9.2.  DKIM Key Type registry

   The following values are added to the DKIM Key Type Registry

                     +---------+-----------+--------+
                     |   TYPE  | REFERENCE | STATUS |
                     +---------+-----------+--------+
                     |  rsafp  | [RFC3447] | active |
                     | ed25519 | [RFC8032] | active |
                     +---------+-----------+--------+

               Table 2: DKIM Key Type Registry Added Values

10.  References

10.1.  Normative References

   [RFC2119]  Bradner, S., "Key words for use in RFCs to Indicate
              Requirement Levels", BCP 14, RFC 2119,
              DOI 10.17487/RFC2119, March 1997,
              <https://www.rfc-editor.org/info/rfc2119>.

   [RFC3447]  Jonsson, J. and B. Kaliski, "Public-Key Cryptography
              Standards (PKCS) #1: RSA Cryptography Specifications
              Version 2.1", RFC 3447, DOI 10.17487/RFC3447, February
              2003, <https://www.rfc-editor.org/info/rfc3447>.

   [RFC5234]  Crocker, D., Ed. and P. Overell, "Augmented BNF for Syntax
              Specifications: ABNF", STD 68, RFC 5234,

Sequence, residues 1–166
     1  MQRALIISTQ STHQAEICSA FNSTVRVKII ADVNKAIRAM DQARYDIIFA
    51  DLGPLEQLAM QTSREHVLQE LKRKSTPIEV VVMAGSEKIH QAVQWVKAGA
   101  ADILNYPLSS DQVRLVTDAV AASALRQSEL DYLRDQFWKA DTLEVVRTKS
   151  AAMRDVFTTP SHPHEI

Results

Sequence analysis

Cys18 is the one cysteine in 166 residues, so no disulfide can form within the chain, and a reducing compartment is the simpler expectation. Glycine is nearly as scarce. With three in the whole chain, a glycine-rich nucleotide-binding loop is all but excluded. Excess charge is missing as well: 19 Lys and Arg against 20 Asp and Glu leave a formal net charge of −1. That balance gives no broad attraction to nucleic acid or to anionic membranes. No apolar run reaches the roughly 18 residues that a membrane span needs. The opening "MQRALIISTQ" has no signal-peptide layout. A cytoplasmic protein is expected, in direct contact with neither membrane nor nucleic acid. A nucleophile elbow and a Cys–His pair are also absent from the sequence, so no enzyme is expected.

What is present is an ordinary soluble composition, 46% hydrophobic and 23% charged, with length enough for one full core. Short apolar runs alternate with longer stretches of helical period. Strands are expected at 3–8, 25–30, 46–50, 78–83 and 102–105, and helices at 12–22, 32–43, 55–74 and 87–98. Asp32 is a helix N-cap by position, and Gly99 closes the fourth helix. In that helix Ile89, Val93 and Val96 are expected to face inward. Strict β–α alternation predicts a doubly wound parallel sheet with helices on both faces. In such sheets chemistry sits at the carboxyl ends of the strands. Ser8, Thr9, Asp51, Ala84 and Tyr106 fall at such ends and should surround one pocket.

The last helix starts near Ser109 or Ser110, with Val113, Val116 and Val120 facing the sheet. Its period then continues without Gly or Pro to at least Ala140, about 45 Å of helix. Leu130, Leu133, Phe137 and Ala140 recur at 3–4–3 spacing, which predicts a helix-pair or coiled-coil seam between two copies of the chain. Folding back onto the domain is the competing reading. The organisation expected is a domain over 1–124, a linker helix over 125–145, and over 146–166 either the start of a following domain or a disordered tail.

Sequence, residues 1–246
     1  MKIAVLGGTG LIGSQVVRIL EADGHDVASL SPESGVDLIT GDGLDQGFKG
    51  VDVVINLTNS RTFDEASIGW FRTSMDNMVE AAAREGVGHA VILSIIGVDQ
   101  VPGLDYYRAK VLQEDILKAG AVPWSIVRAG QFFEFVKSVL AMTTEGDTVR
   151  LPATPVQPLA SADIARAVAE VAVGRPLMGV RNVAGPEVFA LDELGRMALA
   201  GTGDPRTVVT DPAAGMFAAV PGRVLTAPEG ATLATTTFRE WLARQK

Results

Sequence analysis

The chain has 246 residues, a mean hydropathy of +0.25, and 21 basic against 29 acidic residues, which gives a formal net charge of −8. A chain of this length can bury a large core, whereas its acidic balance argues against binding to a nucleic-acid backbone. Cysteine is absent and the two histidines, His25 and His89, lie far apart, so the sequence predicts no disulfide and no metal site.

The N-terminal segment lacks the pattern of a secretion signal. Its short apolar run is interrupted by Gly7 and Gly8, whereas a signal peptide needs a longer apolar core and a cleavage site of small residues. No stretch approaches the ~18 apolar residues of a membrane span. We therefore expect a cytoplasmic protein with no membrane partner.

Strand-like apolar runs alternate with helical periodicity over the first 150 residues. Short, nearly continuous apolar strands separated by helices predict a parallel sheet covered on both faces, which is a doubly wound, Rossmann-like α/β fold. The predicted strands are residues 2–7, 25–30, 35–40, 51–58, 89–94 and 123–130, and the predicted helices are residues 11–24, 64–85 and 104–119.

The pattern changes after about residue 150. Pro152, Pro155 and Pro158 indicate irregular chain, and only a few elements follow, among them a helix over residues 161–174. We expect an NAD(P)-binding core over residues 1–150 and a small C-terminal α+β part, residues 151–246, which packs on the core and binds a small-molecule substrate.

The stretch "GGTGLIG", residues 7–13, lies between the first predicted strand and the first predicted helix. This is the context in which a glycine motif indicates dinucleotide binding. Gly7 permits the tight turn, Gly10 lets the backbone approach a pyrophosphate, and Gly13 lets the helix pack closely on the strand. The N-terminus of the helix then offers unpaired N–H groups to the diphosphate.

DOI 10.17487/RFC5234, January 2008,
              <https://www.rfc-editor.org/info/rfc5234>.




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   [RFC6376]  Crocker, D., Ed., Hansen, T., Ed., and M. Kucherawy, Ed.,
              "DomainKeys Identified Mail (DKIM) Signatures", STD 76,
              RFC 6376, DOI 10.17487/RFC6376, September 2011,
              <https://www.rfc-editor.org/info/rfc6376>.

   [RFC8032]  Josefsson, S. and I. Liusvaara, "Edwards-Curve Digital
              Signature Algorithm (EdDSA)", RFC 8032,
              DOI 10.17487/RFC8032, January 2017,
              <https://www.rfc-editor.org/info/rfc8032>.

10.2.  Informative References

   [Koblitz13]
              Koblitz, N. and A. Menezes, "Another look at security
              definitions", DOI 10.3934/amc.2013.7.1, 2013,
              <http://aimsciences.org/journals/
              displayArticlesnew.jsp?paperID=8249>.

              Advances in Mathematics of Communications, Vol 7, Num 1,
              pp. 1-38.

10.3.  URIs

   [1] mailto:dcrup@ietf.org

Appendix A.  Change log

   05 to 06:  Editorial changes only.

   04 to 05:  Remove deprecation cruft and inconsistent key advice.  Fix
      p= and k= text.

   03 to 04:  Change eddsa to ed25519.  Add Martin's key regeneration
      issue.  Remove hashed ed25519 keys.  Fix typos and clarify text.
      Move syntax updates to separate section.  Take out SHA-1 stuff.

   01 to 02:  Clarify EdDSA algorithm is ed25519 with Pure version of
      the signing.  Make references to tags and fields consistent.

Author's Address

   John Levine
   Taughannock Networks
   PO Box 727
   Trumansburg, NY  14886

   Phone: +1 831 480 2300
   Email: standards@taugh.com